- BAKER CITY, Ore. (AP) - Some rural Oregon residents are suffering from a different twist on a common post-Thanksgiving malady: too much turkey.
So, for the first time since the state released a flock of wild turkeys in Baker County about 14 years ago, biologists are trying to catch some of the gregarious gobblers and move them to less populated areas.
On Tuesday, wildlife managers tried to lure the turkeys with food, then used a rocket-like device to propel a net over them. On this try, the launcher malfunctioned, failing to release most of the net, making a mess and scattering birds.
"We're going to try again nest week, as soon as we can get the turkeys to trust us again," said Tim Callaway, an assistant biologist with the Oregon Department of Fish and Wildlife.
Deborah Mader, who owns 180 acres in Pine Valley with her husband, David, said she rarely saw a turkey on their land five years ago.
Later there were more birds, but they stayed for just a couple of weeks during the winter, she said.
Now, the gobblers hang around most of the year, munching on her horses' hay and feeding in her grain fields. Mader says she's concerned the big birds might scare away the smaller songbirds she feeds during the winter.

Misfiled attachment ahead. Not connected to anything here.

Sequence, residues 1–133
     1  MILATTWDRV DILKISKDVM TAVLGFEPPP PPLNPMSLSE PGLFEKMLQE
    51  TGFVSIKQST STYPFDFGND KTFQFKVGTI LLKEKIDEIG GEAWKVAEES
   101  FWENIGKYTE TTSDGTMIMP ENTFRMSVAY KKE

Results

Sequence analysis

"I'm looking out my window right now and I can see, oh, maybe 50 turkeys running across the field," she said.
Matt Newberry and his wife, Inga Thompson, have seen the same trends with the turkey flocks on their 120-acre property on the west side of Pine Valley.
When they moved in eight years ago there were few turkeys, Newberry said. Now there are at least 100 living on the property year round.
"They're just so thick. They're constantly in our flower and vegetable garden. They even come on the porch," he said.
And then there's the matter of the turkeys' leavings.
"Turkey crap is something to be reckoned with," Newberry says. Still, Newberry and the Maders don't want all the turkeys run off. "We really like having them around," he said. "But anything in too big a number is a problem."
Although biologists hope this fall's trappings will alleviate the problems plaguing landowners. If that doesn't work, Callaway said, the ODFW may add a fall turkey hunt.
Neither Mader nor Newberry has ever hunted wild turkeys, but both said the fall hunting season seems appropriate.
"I wouldn't mind finding out what a wild turkey tastes like," Mader said.